In an article published on March 3, 2014 the newspaper Wall Street Journal (WSJ), Melinda Beck, journalist for the WSJ, states that many of the possibly hundreds of chemicals present in the bodies of Americans at any point of time lack data on toxicity and interaction with genes, stress and other lifestyle factors. Some chemicals banned in the 1990s, like polychlorinated bisphenols (PCBs), continue to persist in the environment and thus, in human blood. Linda Birnbaum, director of the National Institutes of Environmental Health Sciences (NIEHS) contends that there is little scientific evidence for the effectiveness of common detoxification treatments. Since 2009 the Centers for Disease Control (CDC) also tests for the food contact substances bisphenol A (BPA), present in epoxy resins and polycarbonate, and perfluorinated chemicals (PFCs), which are used in the coatings of non-stick cookware. As reported by Beck, both chemicals were detected in virtually all participants of the survey. She concludes that many questions remain about “which chemicals pose imminent threats, to whom and how people can avoid them”. She points to the National Library of Medicine’s website Tox Town providing non-technical information on chemical hazards and how to avoid them, and indicates that the U.S. Toxic Substances Control Act (TSCA) has not been updated since 1976. On February 27, 2014, House Republicans introduced a new draft chemical regulation (pdf) bill to Congress. Another bill introduced in 2013 by Senators David Vitter (Republicans) and the late Frank Lautenberg (Democrats) to the U.S. Senate remains stalled (previously reported on by the FPF). As reported by the newspaper The Times Picayune on March 3, 2014, non-governmental organizations, such as the Advocates for Environmental Human Rights, criticize that the newly proposed, industry backed draft would not allow doctors to disclose information on chemical exposure when treating patients.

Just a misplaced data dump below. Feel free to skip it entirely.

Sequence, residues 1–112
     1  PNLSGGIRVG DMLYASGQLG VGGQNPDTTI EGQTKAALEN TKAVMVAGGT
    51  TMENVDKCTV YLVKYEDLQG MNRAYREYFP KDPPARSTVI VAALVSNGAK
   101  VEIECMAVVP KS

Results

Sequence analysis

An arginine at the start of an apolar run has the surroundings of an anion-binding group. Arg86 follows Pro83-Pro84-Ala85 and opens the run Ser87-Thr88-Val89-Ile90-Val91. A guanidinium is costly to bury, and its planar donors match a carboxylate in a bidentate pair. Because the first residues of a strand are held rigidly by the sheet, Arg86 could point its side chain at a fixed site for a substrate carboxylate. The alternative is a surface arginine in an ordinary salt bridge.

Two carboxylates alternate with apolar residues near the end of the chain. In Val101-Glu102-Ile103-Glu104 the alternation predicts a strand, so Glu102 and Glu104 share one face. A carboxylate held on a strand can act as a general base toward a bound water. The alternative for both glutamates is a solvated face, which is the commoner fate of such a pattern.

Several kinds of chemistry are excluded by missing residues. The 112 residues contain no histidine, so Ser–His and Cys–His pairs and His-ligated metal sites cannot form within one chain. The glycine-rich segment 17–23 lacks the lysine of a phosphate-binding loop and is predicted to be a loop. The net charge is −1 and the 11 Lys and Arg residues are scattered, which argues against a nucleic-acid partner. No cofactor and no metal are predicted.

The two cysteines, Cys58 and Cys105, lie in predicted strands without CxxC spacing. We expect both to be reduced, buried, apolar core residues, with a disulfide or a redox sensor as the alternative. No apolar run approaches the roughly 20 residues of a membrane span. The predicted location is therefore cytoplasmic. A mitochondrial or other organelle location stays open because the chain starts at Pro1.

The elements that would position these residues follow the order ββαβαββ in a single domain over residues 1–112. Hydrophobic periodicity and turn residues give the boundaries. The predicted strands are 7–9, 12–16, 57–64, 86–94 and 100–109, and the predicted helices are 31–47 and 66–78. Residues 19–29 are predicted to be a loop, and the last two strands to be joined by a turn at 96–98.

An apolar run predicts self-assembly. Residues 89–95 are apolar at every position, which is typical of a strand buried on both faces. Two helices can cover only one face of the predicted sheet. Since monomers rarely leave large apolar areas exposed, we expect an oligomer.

Melinda Beck (March 3, 2014). “The Chemicals That Stick Around in the Body.” The Wall Street Journal.
Bruce Alpert (March 3,2013). “New Republican chemical bill backed by industry, but environmental advocates object.” The Times Picayun.